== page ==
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Justin Robinson

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Wrestling With Lay and Pray
By Justin Robinson   
Rated "R" by the Author.
Last edited: Tuesday, June 19, 2012
Posted: Tuesday, June 19, 2012

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How to eliminate lay and pray from mixed martial arts.

When “MMA” and “controversy” appear together, you expect a story about Tito Ortiz punching Meryl Streep at a wacky Golden Globes mix-up or Shane Carwin’s muscles exploding off his body during a rampage down the Las Vegas Strip. What you don’t expect is for a fighter to make a legitimate point that demands a thorough analysis. Dan “the Outlaw” Hardy, former welterweight contender and current smegma crazy, did just this when he complained about the prevalence of wrestling in the UFC.

He followed this up with a request for, “No more talk! We go in! We kill!”

For those unwilling to read the eloquent rantings of a man paid to put people to sleep with his fists, I’ll summarize. Team Rough House, of which Dan Hardy is the most prominent member, is based in the UK. Though known for producing solid fighters (including former UFC stand-out Paul “Suckerpunch” Daley), the knock against them is the same as it is against every British mixed martial artist: great striking, terrible wrestling. An unfortunate reality of MMA is that no matter how good the punching, it does about the same good as pissing into a hurricane if you can’t keep the fight on the feet. A skilled wrestler will just go for takedowns and grind out a decision win. This is known as “lay and pray,” as in “I’ll lay on you and pray you don’t ask for my phone number.”

At UFC 118 two of Team Rough House’s fighters, Andre Winner and Nick Osipczak, faced two lay and pray wrestlers (Nik Lentz and Greg Soto, respectively). Though Winner and Osipczak took little to no damage, they lost. This came on the heels of Hardy and Daley losing to both coaches of this season’s Ultimate Fighter, both uber-wrestlers. Hardy, understandably frustrated, unleashed a hilarious rant on the Nottingham Evening Post that probably did more damage than Koscheck, Lentz and Soto inflicted in those three fights combined. Some of his best lines:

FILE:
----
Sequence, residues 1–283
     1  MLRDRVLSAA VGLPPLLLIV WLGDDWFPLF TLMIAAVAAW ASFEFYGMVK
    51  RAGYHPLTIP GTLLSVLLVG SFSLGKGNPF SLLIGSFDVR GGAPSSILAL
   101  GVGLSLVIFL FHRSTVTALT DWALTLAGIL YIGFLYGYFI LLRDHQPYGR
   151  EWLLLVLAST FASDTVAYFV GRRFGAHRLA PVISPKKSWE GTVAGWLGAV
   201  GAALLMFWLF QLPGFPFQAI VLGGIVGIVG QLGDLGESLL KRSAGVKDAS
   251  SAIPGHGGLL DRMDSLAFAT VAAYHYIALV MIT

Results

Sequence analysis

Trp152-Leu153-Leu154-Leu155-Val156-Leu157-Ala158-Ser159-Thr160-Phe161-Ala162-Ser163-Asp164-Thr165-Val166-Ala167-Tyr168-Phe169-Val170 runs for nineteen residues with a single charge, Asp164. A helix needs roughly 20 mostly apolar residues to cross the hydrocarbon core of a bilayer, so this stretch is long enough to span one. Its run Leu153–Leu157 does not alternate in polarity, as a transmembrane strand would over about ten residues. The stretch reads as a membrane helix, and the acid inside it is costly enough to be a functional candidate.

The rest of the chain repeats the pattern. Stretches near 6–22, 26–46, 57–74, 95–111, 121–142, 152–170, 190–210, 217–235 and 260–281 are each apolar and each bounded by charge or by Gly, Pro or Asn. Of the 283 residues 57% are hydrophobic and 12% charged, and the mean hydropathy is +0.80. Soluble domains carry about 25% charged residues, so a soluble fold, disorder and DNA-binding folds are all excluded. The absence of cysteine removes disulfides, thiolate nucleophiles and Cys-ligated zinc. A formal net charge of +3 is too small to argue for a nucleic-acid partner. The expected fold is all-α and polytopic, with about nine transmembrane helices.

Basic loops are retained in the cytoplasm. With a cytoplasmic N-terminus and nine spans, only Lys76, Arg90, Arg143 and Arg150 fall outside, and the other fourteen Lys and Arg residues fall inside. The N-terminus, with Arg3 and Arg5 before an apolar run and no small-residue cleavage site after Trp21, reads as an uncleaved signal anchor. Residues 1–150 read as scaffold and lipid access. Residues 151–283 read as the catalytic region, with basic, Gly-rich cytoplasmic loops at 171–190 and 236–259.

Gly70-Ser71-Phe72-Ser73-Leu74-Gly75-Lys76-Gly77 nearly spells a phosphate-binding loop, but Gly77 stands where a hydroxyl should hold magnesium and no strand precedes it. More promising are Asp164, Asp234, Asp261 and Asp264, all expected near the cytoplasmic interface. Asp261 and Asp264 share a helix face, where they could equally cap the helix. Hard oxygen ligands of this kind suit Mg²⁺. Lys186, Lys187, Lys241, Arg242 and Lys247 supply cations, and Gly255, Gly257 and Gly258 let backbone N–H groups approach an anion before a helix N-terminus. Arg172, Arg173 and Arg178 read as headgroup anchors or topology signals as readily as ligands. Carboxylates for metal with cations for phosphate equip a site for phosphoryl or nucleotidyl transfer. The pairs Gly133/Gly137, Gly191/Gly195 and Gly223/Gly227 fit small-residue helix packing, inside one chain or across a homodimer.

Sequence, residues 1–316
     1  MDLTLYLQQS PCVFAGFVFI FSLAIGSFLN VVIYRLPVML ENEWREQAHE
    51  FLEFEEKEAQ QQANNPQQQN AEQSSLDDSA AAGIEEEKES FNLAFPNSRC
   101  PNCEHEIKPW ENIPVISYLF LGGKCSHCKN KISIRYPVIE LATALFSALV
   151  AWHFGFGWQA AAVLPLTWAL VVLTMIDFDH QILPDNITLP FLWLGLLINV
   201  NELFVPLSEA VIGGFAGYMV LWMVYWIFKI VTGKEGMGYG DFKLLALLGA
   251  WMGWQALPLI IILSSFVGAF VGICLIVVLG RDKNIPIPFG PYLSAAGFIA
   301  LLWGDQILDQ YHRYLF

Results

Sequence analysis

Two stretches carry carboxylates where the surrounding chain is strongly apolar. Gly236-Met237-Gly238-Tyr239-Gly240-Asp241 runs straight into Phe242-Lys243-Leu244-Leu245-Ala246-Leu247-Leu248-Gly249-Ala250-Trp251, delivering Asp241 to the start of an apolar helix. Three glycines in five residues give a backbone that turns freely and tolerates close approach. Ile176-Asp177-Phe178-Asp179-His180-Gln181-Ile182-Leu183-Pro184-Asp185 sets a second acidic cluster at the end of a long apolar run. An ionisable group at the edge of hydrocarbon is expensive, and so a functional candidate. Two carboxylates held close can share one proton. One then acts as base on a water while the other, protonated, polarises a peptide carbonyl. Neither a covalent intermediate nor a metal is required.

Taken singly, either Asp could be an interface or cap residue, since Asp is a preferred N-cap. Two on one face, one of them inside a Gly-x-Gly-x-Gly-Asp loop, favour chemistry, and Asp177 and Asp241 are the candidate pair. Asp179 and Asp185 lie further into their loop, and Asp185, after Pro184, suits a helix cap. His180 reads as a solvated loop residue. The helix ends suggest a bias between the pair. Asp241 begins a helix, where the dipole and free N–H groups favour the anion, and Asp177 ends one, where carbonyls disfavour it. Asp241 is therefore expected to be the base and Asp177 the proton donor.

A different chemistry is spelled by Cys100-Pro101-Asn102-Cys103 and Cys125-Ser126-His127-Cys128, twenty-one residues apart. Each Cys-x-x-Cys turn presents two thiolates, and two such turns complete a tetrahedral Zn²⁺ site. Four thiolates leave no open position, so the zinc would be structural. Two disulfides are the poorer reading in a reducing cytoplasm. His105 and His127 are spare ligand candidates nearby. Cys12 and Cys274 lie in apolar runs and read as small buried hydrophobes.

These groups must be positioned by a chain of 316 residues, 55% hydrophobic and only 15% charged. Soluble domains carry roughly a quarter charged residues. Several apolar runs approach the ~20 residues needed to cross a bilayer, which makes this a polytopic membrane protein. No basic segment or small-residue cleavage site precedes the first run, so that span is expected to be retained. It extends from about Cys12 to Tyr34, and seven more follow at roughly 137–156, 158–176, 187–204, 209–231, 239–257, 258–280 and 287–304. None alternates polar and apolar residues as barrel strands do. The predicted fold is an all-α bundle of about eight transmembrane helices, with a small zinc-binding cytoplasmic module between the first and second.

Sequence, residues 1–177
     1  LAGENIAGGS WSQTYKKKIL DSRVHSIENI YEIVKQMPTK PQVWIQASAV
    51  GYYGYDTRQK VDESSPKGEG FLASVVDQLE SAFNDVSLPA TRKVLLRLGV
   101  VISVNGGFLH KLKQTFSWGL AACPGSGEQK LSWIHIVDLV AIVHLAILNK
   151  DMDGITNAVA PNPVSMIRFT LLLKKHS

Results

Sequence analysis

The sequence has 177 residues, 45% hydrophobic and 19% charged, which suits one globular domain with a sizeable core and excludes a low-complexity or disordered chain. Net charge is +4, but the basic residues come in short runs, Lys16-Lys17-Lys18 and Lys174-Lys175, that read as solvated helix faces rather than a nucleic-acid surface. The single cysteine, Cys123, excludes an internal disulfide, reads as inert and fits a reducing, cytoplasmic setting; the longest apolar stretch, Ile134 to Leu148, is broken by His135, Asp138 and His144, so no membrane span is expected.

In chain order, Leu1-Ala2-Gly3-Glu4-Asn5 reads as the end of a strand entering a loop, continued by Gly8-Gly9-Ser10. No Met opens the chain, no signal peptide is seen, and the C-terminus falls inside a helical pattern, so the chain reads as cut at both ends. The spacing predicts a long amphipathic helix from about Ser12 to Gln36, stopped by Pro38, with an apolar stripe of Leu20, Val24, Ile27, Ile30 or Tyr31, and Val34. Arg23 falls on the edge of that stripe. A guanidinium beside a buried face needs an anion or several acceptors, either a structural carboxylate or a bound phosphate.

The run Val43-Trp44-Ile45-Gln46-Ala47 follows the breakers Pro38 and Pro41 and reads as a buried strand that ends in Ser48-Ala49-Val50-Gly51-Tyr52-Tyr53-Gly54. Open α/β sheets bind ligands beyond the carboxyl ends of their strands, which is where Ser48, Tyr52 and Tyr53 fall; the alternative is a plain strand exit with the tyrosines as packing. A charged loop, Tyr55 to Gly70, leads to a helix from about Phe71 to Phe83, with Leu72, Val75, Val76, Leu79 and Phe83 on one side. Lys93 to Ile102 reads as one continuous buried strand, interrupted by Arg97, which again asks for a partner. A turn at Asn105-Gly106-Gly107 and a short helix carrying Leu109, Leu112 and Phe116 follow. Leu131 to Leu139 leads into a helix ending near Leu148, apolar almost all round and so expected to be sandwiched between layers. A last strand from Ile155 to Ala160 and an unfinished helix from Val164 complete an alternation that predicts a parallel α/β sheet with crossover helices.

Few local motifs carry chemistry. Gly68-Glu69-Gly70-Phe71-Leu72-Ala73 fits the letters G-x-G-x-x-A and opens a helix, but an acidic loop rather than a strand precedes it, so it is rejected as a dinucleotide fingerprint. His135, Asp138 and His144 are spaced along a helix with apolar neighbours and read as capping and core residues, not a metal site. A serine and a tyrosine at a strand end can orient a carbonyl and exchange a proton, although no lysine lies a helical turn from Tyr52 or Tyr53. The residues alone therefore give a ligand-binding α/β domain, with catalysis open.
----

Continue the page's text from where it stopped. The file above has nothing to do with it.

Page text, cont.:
“Nik Lentz didn’t come to fight Andre, he actually came to avoid one at all costs, like he’d be shortlisted for the Nobel Peace Prize and didn’t want to mess up his chances of winning it… He couldn’t take Dre down or get anything going on the ground. He didn’t want to strike and he didn’t go for any submissions, he just clung to Dre’s thigh like a sailor to a mast during a storm. Physically, Dre looked in great shape… but it takes two to have a row and he was in there with the UFC’s answer to Ghandi[sic].”

Hardy wasn’t wrong. The fight was boring as hell. At the end of it, both guys were slimy with sweat and out of breath: there was no way to tell if they’d just finished fighting or fucking. Frankly, there’s enough gay stuff in MMA. We don’t need the fighters contributing. Because the judges had to give it to someone, they gave it to Lentz for controlling the fight. While I agree with Hardy that this is wrong, exactly why it’s wrong goes deeper than merely a debate about the place of wrestling in the UFC.

Hardy is entirely right in that a fighter that grinds out decision wins through control is the most boring kind of fighter there is. They don’t sell tickets. Oftentimes, like Gray Maynard and Jon Fitch, they hurt their chances for title fights simply because they don’t make the kinds of fights that sell out pay per views. Randy Couture, one of the worst offenders, doesn’t suffer because he apparently shits double rainbows. In any case, the reason lay-and-prayers do it is because it works. If you could do your job without getting punched in the face, you’d do it. Doesn’t matter if you work in the Octagon or an Arby’s.